It's been a very long time since I've written an Austen essay (I am especially fond of my defense of Mansfield Park, a novel that I actually dislike). I still love Persuasion the most, though I think Waldman is correct in her criticisms. And I suspect Emma is her "best" novel, though I can never get over my dislike of the protagonist.

My theory on Austen is that her moralism is actually what makes her great. She is expression, for the first time, in novel format, the way young women were adopting philosophy into their lives.

Waldman comes perilously close to another essay I would like to write, 'In Praise of Didacticism' in which I'd like to take apart the fact that in spite of saying that we hate it, this is expected and novels that lack it (say Dangerous Liaisons) are frequently those that come up for censure.

Also, one of these days I have got to write something about Madame Bovary. In fact, I frequently feel Madame Bovary as well as House of Mirth are due for an update. They strike me as very NOW kind of books in their discussion of moral, social & economic bankruptcy.
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The Knife [03 Apr 2013|06:14am]
The Knife has a new album out. I discovered them via way of vocalist Karin Dreijer Andersson, when I could not get enough of her collaboration with Röyksopp.

Here's the new album streaming via soundcloud:

http://theknife.net/

Here's the Röyksopp single:

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The Oxherding Tale by Charles Johnson [05 Mar 2013|06:41am]
Several years ago I read a book called Turning the Wheel: Essays on Buddhism and Writing by Charles Richard Johnson. I have no idea where this book came from, but it hit when the time was right. It was about what I did know (writing) and what I didn't know (Buddhism.) I remember thinking, "In a few years this will probably mean more."

At that time I put one of his books on my bookmooch wishlist. It was only a few weeks ago that it came available and turned up in the mail.

I LOVED the beginning of The Oxherding Tale. It is set in the antebellum south and is about the mixed-race son of a plantation owner's wife and a black butler. The origin tale is bawdy and funny... and the whole book is kind of a tragicomic meditation on on eastern spirituality via western philosophy. Which means my peeps the Transcendentalists are referenced, but so are a million other things.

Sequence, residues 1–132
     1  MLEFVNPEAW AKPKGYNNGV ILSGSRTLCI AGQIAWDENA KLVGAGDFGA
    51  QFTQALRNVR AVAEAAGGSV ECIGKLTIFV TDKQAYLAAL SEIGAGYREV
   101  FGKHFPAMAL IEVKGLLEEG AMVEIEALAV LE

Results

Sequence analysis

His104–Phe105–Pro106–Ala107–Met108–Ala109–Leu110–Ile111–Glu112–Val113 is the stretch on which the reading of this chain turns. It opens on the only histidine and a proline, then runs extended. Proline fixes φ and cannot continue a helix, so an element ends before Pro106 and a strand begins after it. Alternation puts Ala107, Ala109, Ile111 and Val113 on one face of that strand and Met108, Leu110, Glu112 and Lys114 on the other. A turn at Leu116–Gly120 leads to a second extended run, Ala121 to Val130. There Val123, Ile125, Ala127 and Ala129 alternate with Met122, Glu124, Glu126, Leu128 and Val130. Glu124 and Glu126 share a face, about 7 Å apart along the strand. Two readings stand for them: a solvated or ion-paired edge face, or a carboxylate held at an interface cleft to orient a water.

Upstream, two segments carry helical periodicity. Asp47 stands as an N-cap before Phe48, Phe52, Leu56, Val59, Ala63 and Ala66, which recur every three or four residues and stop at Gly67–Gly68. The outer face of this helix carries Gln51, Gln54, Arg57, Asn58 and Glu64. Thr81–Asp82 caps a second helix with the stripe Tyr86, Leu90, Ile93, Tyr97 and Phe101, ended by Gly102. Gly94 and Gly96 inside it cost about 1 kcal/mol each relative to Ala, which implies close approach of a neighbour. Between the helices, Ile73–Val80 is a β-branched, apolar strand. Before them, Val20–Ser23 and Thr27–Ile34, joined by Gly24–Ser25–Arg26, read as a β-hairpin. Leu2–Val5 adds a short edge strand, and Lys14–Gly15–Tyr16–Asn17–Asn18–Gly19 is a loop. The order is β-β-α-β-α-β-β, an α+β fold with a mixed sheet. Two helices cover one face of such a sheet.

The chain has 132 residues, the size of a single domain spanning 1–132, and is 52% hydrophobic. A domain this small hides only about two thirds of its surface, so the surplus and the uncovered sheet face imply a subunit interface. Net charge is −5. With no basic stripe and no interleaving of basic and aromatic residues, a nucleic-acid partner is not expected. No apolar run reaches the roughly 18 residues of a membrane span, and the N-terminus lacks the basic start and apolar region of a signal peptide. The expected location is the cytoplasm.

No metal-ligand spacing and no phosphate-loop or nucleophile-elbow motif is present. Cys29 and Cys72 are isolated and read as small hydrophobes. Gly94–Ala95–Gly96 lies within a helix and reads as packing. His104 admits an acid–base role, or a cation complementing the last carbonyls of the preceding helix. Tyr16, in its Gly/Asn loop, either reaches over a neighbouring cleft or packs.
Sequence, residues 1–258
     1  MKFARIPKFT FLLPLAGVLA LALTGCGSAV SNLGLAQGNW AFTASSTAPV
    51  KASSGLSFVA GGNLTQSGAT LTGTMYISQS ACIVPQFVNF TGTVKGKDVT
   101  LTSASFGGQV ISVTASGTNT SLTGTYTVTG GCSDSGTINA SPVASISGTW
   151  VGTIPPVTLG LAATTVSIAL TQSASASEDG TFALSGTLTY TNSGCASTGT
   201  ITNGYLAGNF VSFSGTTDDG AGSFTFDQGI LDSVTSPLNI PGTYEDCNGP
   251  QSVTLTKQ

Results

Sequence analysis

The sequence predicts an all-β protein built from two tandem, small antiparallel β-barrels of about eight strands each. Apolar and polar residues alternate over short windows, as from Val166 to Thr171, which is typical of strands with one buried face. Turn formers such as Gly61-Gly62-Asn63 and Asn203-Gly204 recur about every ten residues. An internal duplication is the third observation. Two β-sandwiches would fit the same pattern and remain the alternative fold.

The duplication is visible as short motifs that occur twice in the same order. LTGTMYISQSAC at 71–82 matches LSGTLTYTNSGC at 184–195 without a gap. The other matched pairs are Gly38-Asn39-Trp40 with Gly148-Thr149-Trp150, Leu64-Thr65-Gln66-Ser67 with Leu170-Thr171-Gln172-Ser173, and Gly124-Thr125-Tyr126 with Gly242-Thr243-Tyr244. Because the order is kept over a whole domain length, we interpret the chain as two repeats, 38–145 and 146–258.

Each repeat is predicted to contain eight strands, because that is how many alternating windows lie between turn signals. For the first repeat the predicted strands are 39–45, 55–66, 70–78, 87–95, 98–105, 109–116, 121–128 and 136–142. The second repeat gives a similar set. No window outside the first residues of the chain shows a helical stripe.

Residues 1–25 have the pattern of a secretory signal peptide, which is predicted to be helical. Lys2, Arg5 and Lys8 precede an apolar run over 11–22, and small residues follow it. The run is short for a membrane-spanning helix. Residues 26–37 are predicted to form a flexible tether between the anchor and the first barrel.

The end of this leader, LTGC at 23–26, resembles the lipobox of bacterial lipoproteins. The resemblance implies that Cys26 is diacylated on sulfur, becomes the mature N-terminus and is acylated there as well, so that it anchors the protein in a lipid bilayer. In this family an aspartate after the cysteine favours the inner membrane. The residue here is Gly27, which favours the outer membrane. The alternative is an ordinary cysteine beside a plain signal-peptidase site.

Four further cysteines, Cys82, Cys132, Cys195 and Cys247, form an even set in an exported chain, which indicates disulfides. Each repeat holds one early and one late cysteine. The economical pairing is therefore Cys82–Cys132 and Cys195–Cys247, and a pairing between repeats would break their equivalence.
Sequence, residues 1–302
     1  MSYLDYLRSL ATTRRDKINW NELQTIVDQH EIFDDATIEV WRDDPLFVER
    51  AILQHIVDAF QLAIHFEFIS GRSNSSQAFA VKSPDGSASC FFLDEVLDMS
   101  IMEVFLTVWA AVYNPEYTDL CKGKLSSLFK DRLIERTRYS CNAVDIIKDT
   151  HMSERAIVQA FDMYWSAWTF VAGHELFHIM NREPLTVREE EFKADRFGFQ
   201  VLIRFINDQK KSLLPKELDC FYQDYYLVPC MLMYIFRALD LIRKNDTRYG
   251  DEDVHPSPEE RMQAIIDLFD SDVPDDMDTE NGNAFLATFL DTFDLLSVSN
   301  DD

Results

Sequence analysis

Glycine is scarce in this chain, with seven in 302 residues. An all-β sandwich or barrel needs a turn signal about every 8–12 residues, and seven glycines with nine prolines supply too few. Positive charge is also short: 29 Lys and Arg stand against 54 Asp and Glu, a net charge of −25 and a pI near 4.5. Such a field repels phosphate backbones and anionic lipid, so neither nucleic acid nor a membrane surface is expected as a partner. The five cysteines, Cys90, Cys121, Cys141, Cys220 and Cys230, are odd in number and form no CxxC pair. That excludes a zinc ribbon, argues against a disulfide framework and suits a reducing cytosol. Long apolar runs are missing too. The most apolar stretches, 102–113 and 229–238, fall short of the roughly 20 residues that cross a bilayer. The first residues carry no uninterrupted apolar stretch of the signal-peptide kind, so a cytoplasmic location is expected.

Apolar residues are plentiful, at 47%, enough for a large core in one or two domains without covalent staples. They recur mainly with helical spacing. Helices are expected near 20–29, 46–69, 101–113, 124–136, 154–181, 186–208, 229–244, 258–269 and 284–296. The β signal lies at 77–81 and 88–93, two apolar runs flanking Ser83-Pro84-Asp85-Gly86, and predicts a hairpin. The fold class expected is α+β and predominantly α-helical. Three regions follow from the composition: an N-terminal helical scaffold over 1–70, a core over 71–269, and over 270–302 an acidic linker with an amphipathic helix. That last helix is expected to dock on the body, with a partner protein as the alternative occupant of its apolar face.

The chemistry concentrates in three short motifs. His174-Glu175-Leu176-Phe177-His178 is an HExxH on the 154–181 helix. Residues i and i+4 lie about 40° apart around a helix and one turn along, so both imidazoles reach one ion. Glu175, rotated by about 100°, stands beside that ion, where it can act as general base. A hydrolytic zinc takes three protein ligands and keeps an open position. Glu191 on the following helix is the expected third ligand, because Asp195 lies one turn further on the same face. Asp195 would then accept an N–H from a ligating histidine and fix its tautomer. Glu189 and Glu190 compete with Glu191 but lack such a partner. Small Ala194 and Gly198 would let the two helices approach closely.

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A Week in Winter by Maeve Binchy [24 Feb 2013|01:28pm]
I don't know how Maeve Binchy became one of my favorite authors. I ignored her books for years, read a few, ignored them more, and then somehow found myself reading them all, recommending them to others and having favorites. Her last book Minding Frankie I wept over, even long after I'd finished reading it. For me, it seemed an appropriate last title, as a beloved character in it dies, and the central problem relates to a new mother with terminal cancer looking for a home for her baby.

When Maeve died, Minding Frankie became even more prescient... it seemed right that it was a last book. And how it deals with a community coming together to fill the various holes left behind... Even as we all grieved that there wouldn't be anymore cozy titles coming from the beloved author.

Anyway, last week a new title turned up A Week in Winter. I just finished it. Classic Binchy, though not as good as Minding Frankie, it's solid and complete (though one suspects there was a sequel in the works.)

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Adam and Dog [13 Feb 2013|10:19pm]
Some nice animation, especially if you like dogs, but the ending packs a punch. Oscar nominated this year.



Genesis 3:11
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Werner Herzog's latest "Happy People" [16 Jan 2013|08:50pm]
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Don't call it a comeback... [09 Jan 2013|08:13pm]
This year will see not only a film adaptation of On the Road, but also one about Big Sur my favorite Kerouac title:



Also, Bowie isn't the only one with a new album out, after 14 years, Dead Can Dance's new offering can be streamed from their website. Haven't listened to it, yet:

http://www.deadcandance.com/main/
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Hugo Distler's Die Weihnachtsgeschichte [15 Dec 2012|07:39am]
I went to St. Martin's rose-themed Christmas concert last night. It's saying something that the music I would really like to share with you is of limited availability online. The real center piece of the evening, though, was Hugo Distler's Die Weihnachtsgeschichte (1933) a 40 minute piece that tells the Christmas Story as a choral piece with solos and tied together with 6 variations of 'Es ist ein Ros entsprungen' ('Lo how a Rose').

The experience was lovely, but a little weird, as Distler's music often is for me. (Fans of German church music often put him in the tradition of Henrich Schütz (1600s) ... another one of my favorites.) Listening in the cathedral with the music washing over me... I can't describe it really, except to say, I have been able to really sit with the Christmas Story this year in a way I would not have been able to do in years past.

There are probably a very limited number of persons interested in listening to the whole thing, but the clips aren't as good as this full presentation on youtube. So if you want to sit with it, here it is: